‘Community’ first caught my attention with “Modern Warfare,” as it did many of you I’m sure, from there drawing me into its wonderfully quirky and malleable world.  It’s difficult to believe that such a small show with a simple premise can reinvent itself on a week to week basis as a kitchen-sink drama, a zombie apocalypse, a video game or an homage to ‘My Dinner with Andre,’ and yet with such an endless range of experimentation, it’s not difficult to see why the common TV viewer has trouble latching onto the series.  We owe much of the brilliance to Dan Harmon, a show-runner  who makes his voice heard, and his presence felt perhaps more-so than most behind the scenes of television, something not altogether unexpected when a fan-favorite series such as ‘Community’ flounders and the wizard needs to step out from behind the curtain to rally attention to his show.

So if Dan Harmon no longer runs the show, is ‘Community’ even ‘Community’ anymore?  Should we be angry, or intrigued?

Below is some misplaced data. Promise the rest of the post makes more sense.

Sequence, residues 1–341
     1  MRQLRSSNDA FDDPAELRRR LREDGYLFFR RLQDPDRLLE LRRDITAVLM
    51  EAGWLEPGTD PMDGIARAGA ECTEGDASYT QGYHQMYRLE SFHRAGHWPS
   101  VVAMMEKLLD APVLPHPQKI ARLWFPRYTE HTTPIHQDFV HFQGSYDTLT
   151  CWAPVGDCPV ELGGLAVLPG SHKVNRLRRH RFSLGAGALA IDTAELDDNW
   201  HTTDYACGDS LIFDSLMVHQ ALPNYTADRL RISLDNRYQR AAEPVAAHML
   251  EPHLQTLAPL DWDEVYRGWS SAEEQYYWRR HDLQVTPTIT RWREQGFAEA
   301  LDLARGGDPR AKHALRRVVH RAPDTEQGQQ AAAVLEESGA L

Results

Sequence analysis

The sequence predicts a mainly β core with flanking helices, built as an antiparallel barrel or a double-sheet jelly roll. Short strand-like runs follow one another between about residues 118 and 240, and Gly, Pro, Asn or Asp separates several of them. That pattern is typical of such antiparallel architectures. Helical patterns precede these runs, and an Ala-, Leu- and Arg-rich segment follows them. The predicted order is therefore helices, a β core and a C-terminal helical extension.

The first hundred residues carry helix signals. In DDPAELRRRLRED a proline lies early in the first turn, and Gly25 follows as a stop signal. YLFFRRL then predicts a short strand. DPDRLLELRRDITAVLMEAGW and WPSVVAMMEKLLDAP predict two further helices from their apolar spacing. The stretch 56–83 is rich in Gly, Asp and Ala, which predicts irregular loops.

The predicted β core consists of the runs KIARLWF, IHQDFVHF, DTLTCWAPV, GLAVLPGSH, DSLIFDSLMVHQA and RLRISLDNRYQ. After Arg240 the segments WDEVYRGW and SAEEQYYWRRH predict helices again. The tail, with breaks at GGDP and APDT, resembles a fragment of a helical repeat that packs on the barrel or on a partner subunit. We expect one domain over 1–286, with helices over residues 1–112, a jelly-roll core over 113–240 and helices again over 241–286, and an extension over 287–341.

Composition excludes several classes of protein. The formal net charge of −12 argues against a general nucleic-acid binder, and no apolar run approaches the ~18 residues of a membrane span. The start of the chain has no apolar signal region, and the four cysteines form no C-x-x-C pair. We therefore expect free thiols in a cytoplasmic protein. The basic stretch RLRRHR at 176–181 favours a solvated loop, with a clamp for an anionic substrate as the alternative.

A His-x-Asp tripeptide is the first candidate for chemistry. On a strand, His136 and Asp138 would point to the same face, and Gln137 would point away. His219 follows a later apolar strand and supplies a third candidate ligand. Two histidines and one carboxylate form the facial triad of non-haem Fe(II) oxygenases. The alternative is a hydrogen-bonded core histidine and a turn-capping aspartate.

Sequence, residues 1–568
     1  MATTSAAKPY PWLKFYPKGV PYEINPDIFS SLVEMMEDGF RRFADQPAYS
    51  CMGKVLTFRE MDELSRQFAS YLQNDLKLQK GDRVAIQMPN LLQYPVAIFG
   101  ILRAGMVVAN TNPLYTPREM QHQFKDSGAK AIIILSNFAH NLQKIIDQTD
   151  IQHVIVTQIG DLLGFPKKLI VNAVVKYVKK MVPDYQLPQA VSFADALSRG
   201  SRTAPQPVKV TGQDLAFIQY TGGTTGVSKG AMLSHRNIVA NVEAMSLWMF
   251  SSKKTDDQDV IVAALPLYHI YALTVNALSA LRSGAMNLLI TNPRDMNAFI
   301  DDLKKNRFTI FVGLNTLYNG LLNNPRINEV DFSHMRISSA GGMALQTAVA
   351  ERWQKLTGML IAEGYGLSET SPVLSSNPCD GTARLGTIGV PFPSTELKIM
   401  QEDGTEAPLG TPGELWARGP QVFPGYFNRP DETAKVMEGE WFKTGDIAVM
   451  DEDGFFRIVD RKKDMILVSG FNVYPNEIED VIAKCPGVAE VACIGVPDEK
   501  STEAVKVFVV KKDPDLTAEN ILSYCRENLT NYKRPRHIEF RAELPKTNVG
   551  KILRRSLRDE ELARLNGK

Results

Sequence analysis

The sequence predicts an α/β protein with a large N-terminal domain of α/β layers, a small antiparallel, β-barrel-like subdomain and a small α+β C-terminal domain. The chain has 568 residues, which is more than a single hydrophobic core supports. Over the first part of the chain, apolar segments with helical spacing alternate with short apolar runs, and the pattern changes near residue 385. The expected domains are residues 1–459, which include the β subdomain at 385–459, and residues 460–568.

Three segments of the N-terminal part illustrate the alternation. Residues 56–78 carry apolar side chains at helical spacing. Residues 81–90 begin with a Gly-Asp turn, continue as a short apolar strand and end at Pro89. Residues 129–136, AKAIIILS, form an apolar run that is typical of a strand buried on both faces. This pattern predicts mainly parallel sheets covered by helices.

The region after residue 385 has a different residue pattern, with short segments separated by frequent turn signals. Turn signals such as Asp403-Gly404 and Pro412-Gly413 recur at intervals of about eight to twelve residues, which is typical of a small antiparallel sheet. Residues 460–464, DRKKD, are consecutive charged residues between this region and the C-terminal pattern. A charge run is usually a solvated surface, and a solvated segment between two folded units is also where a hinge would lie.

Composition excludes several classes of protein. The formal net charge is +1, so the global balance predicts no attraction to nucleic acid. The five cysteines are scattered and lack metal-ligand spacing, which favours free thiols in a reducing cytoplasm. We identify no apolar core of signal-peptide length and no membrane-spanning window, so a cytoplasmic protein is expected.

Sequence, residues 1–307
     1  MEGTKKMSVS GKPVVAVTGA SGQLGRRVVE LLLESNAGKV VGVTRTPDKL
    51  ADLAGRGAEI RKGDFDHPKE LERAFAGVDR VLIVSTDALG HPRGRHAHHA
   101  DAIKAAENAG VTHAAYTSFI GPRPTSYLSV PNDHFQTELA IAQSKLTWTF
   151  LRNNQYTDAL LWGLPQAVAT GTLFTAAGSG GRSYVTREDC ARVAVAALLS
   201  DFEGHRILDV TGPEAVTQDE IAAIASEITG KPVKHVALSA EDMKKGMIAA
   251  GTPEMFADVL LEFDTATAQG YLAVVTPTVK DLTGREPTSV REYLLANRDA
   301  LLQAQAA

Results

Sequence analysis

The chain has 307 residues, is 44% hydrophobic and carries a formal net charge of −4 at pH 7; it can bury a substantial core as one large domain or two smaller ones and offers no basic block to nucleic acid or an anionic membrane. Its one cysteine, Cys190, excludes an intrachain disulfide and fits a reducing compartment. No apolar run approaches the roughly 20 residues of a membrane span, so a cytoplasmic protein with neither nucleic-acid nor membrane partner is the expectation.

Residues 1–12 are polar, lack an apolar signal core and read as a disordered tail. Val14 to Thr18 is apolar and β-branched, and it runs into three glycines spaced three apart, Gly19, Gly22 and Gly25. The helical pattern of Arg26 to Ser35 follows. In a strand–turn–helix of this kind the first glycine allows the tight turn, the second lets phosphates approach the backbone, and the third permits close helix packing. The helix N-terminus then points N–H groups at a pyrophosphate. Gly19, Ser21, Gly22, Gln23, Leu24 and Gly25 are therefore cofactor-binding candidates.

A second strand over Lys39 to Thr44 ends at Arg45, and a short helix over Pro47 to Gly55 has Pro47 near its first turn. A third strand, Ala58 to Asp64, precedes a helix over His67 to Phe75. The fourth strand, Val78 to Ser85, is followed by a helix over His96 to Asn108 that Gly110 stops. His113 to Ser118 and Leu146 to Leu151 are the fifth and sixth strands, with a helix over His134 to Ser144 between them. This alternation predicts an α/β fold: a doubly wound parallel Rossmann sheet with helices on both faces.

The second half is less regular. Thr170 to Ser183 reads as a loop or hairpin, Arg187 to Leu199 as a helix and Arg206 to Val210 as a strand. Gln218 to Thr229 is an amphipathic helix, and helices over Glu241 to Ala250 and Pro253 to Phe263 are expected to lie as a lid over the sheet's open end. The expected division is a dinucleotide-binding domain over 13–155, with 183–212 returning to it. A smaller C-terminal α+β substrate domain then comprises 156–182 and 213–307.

Allison Brie Gillian Jacobs
GQ

That’s one way to get the aggression out.

Some time ago, I endured a great deal of heartbreak and frustration in my effort to find a career wrapped up in writing about this wonderful world of television, before coming to a realization I expect all eventually come to know about the way we work, and manage our dreams of moving up in the world.  It’s not as simple as being brilliant, or laboring endlessly in expectation of a promotion.  In fact, sometimes it seems that the better you become at your job, the less likely higher-ups are to move you away from it.  I know.  It’s frustrating to never reach the carrot for pulling the cart, but the fact remains that the people above you are trying to keep the machine oiled and functional.  They’re trying to run a business, and they need to make sure that the pieces do their part, rather than worry how they feel.  It’s impersonal.  It’s inconsiderate.  It’s life.